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Faraday Cage Shielding by Frequency

Faraday Cage Shielding by Frequency

Faraday Cage Shielding by Frequency

Can someone help me clear up a contradiction in my understanding of Faraday cage shielding?

1) Long waves penetrate better than short waves.
2) Looking at graphs of Faraday cage shielding, the E field of long waves appears to be easily blocked by small thicknesses of metal.
(See below, from "Architectural Electromagnetic Shielding Handbook", by Leland H Hemming.

These two things seem contradictory, unless it is a function of the nature of Faraday cages. Can someone help me clear up the contradiction?



RE: Faraday Cage Shielding by Frequency

MMF (H-field, A/m) penetrates better at low frequencies. The reason is that the shielding effect is mostly (exclusively) due to eddy currents and eddy currents are not induced at lower frequencies.

EMF (E-field, V/m) penetrates better at higher frequencies. The reason is that the electric field is shorted by the metal. Since the shorting effect is less efficient at higher frequencies (skin effect and such things), those frequencies penetrate better at higher frequencies.

At a certain distance from the emitter antenna, the H field and the E field combine into a plane wave and then the shielding effectiveness is equal over a broad frequency range. Less efficient the thinner the shield, but also reaching higher in the frequency spectrum.

Gunnar Englund
Half full - Half empty? I don't mind. It's what in it that counts.

RE: Faraday Cage Shielding by Frequency

Thanks, Gunnar. That's a very helpful explanation. Can you help me fully understand it by explaining an extreme example?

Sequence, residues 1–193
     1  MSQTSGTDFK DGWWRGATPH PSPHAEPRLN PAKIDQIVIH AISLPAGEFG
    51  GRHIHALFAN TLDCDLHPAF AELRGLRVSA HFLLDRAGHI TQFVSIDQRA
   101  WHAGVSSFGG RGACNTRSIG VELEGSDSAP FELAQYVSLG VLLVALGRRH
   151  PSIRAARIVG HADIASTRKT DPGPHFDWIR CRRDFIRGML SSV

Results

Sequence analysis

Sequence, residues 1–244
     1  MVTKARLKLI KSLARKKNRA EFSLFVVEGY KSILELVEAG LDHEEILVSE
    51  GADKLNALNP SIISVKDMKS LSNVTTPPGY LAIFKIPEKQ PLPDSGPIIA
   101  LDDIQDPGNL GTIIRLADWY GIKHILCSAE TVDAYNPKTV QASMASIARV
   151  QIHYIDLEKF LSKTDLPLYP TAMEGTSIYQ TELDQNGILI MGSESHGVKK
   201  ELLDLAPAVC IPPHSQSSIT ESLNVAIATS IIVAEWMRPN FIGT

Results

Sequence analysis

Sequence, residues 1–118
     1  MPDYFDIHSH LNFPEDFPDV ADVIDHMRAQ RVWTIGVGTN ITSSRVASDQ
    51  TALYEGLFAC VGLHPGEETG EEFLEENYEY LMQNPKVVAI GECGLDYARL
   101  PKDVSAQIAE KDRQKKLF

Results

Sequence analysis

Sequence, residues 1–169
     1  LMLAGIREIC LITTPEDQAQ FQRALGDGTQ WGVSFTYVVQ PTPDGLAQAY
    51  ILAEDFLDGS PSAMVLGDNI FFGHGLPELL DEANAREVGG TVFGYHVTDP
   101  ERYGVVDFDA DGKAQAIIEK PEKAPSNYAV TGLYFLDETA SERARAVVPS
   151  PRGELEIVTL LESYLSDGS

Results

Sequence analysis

The military communicates with submerged submarines using the SLF bands that can penetrate into sea water. So, if the E field is blocked by the ocean, does the signal become only a magnetic field instead of electromagnetic? Is then the receiver only working off magnetics?

RE: Faraday Cage Shielding by Frequency

"Is then the receiver only working off magnetics?"

I am not so sure. I think that the electromagnetic wave needs both components to be able to propagate over long distance. It is only in the near field zone that H and E fields are "untangled". Even if water is not a very good insulator, I think it is good enough to permit SLF Waves to penetrate.

That said, it is very plausible that the submarines picked up only the H-field with their antennae, which had to be quite small in comparison to the 17,2 kHz (wavelength around 17 km) used by at least one of these stations. See http://www.grimeton.info/ .

Gunnar Englund
Half full - Half empty? I don't mind. It's what in it that counts.

RE: Faraday Cage Shielding by Frequency

Another useful extreme boundary condition is that visible light (also EM). If doesn't take much thin metal foil to block light perfectly.

(Once upon a time, somebody got confused by 'waveguide beyond cutoff'; he remembered it backwards. I held up a section of waveguide and peeked at him through it, smiling and blinking until he figured out that higher frequencies - light - were, in fact, passing straight through. Obviously not cutoff.)

RE: Faraday Cage Shielding by Frequency

higher frequencies get into a box easier due to "waveguide cutoff phenomenon".
Box screws make it a High Pass Filter.
Always add absorber into a metal box that you don't want to seal from RF.
Salt water in a bag is the cheapest and best for a quick try just to see.

Good box designs have one lid, with gasket (EMI gasket) that keeps RF out, and absorber is almost always used inside to stop rf from coupling/bouncing around.

Example: two rf cables next to each other at the connectors, loads on connectors, -95 dB coupling between cables. Put exact same hardware inside a metal box 5"x3"x1", coupling now is -50 dB (exactly same positioning of rf cables as outside the box).
Hence an rf box will stop external crap from getting in, seal the stuff inside, but increase coupling from part to part inside. Hence all switches and amps have absorber on their covers and often times in other places.

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